Freed writer Ahmet Şık threatened and faces further charges
PEN International is deeply concerned by reports of online threats and new charges against Ahmet Şık. The new charges by prosecutors allege that comments made by Şık as he left prison were “threatening” to judges and prosecutors. PEN considers the comments made by Şik to be legitimate, and urges the authorities to condemn and investigate threats of violence made against the writer. PEN continues to be concerned that he and Nedim Şener are being tried on charges that contravene their rights to freedom of expression, and that not enough is being done to ensure their safety because of their dissenting views.
Just four days after Şık’s release, a person using the pseudonym “Faiz Düsmani” (Enemy of Interest) posted a message on Twitter stating: “Attention, attention. I warn the government and those that can should also inform it. Ergenekon is planning to assassinate Ahmet Şık and Nedim Şener. [The organization] is going to kill them and then blame the [Gülen religious] community.” The online threats, posted on social networking site Twitter, warn of an assassination attempt against the writers, but have so far gone uninvestigated by Turkish authorities.
PEN takes these threats very seriously and would like to echo Reporters Without Borders in calling for the Turkish authorities to thoroughly investigate the source of this Tweet.
Bianet reports that the new investigation launched against Ahmet Şık accuses him of “threatening judges and prosecutors and depicting them as targets for terrorist organizations” in comments he made to the press upon his release from Istanbul’s Silivri prison.
Şık had said, “Incomplete justice is not going to bring justice and democracy. About one hundred journalists are still in prison, just related to my trial there are five detainees. The issue of freedom of expression is not only a problem of journalists. We are going to continue the struggle. The police officers, prosecutors and judges who plotted and carried out this conspiracy will go to prison. Justice will come when they enter this prison.”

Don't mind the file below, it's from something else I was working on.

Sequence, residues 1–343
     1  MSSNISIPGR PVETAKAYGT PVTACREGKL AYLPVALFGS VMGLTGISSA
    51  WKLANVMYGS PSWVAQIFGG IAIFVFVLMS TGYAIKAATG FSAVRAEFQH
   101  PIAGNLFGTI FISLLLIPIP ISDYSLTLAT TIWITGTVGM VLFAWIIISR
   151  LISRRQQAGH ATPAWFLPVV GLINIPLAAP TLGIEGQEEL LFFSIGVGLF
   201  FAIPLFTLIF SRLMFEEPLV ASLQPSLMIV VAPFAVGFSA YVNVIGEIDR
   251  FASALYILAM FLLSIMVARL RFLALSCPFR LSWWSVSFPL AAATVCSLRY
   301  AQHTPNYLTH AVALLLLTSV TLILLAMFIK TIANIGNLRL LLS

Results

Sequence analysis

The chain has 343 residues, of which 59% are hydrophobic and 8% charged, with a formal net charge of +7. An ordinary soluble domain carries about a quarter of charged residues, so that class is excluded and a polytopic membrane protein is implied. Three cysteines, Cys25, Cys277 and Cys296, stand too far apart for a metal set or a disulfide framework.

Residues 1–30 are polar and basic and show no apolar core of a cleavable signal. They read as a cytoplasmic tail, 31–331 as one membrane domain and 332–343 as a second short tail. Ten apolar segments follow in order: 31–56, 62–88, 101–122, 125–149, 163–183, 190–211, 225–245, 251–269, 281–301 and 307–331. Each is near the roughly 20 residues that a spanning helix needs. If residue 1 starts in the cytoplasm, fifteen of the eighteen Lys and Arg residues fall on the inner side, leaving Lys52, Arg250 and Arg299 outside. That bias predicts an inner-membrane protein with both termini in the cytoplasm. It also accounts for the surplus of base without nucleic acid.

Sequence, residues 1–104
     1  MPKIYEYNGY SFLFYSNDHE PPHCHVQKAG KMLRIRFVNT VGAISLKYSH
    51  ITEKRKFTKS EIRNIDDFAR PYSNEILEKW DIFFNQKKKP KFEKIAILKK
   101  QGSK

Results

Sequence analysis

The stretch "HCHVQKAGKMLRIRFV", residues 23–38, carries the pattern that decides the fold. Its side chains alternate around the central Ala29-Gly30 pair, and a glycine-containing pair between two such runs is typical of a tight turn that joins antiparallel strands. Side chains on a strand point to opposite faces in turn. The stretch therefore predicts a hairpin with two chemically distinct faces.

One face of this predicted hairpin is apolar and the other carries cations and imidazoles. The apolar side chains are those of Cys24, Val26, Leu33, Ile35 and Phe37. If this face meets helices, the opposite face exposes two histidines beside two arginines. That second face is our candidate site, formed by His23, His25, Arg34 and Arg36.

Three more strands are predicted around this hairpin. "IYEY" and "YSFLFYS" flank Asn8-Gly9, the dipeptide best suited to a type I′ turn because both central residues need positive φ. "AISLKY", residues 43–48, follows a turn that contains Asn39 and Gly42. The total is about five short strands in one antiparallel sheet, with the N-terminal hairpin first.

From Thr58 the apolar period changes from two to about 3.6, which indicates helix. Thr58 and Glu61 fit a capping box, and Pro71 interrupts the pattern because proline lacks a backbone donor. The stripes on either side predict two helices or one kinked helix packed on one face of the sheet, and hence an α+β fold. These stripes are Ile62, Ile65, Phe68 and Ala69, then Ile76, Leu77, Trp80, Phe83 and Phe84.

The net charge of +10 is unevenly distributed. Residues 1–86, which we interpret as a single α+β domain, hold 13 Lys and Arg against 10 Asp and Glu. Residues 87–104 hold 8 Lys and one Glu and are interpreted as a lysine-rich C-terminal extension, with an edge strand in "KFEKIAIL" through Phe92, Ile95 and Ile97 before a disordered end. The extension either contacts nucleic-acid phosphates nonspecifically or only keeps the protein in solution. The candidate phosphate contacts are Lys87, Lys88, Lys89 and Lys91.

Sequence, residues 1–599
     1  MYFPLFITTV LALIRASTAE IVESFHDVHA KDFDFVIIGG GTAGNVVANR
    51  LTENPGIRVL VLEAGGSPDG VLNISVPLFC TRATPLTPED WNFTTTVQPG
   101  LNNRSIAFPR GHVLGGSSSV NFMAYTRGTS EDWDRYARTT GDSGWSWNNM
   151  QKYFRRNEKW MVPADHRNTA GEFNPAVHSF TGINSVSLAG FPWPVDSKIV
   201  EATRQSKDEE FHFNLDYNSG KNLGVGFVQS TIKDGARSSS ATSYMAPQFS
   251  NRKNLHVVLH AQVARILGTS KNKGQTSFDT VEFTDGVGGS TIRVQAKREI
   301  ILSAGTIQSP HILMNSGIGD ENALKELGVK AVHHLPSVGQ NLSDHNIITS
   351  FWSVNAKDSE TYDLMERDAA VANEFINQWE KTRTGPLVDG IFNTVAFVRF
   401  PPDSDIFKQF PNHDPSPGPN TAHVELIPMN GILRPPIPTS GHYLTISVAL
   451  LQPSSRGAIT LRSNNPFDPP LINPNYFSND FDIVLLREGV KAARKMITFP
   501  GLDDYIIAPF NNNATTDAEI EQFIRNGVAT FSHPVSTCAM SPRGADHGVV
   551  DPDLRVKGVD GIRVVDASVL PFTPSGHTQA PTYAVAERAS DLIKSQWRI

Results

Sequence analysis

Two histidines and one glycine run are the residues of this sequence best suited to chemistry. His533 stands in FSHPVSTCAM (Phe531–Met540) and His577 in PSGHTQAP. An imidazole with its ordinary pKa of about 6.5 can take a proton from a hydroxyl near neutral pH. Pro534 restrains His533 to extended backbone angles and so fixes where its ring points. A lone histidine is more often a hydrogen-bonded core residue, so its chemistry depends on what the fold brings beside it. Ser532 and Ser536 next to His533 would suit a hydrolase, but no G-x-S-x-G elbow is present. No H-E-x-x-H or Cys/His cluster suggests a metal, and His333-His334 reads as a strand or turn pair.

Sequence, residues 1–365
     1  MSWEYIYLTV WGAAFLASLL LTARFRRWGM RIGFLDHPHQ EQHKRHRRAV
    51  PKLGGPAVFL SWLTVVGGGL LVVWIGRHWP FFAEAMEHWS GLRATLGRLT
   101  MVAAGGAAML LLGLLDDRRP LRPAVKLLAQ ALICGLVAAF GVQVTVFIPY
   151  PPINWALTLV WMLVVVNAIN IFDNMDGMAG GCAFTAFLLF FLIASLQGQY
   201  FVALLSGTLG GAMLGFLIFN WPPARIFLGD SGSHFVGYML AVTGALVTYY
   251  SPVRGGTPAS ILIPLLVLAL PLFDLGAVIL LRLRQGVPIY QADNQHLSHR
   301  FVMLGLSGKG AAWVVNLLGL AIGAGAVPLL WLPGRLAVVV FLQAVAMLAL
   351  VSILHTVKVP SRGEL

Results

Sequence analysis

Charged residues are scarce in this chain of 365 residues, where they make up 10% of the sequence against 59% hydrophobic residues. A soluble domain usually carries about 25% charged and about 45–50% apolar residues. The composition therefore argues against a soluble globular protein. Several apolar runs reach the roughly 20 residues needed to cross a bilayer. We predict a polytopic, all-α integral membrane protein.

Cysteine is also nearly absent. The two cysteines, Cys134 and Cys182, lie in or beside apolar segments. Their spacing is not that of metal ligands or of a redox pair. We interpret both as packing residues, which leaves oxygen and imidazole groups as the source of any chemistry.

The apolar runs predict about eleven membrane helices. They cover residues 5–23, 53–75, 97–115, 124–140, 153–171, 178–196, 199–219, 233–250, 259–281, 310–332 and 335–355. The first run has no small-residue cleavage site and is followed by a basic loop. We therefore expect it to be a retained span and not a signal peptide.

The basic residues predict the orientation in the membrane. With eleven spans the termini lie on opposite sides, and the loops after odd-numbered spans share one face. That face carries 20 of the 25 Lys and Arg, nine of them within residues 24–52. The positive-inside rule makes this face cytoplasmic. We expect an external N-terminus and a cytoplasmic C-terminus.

Police are said to have seized the draft manuscript of The Imam’s Army, a book by Ahmet Şık, an investigative journalist and author. He is said to have looked into the alleged affiliation of the Turkish police to the Gülen movement. The Gülen movement is an Islamic organization that promotes inter-faith dialogue. He is already on trial for two books on Ergenekon, co-authored with journalist Ertugrul Maviolgu. This trial began in October 2010 and, if convicted, Şık faces over four years in prison.
Nedim Şener was tried and acquitted in 2010 for his book implicating the Turkish security forces in the 2007 murder of Turkish-Armenian newspaper editor Hrant Dink. He has since written two other books on related issues, Red Friday—Who Broke Dink’s Pen? and Fetullah Gülen and the Gülen Community in Ergenekon Documents. It is thought that Şener’s arrest is linked to his research into suggestions that the movement holds undue influence in the Ergenekon investigation. Şener and Şık are accused of divulging state secrets.
The journalists were released this month after over a year in prison. However, the trial against them, a process that can last for months, even years, will continue.
- "Four journalists released but fight goes on for dozens still held" from Reporters Without Borders
- "Ahmet Şık Facing New Investigation" from Bianet
Write A Letter
- Requesting the authorities condemn the threats against Ahmet Şık and Nedim Şener, and provide protection;
- Expressing concern about the threat of additional prosecution for comments made on Şık's release;
- Expressing concerns that the two men are being prosecuted on charges that contravene their right to freedom of expression as guaranteed under Article 10 of the European Convention on Human Rights.
Send Your Letter To
Mr Sadullah Ergin
Minister of Justice
Fax: 00 90 312 419 3370
Please copy appeals to the diplomatic representatives for Turkey in your country if possible.
Please check with PEN if sending appeals after June 18, 2012: ftw [at] pen.org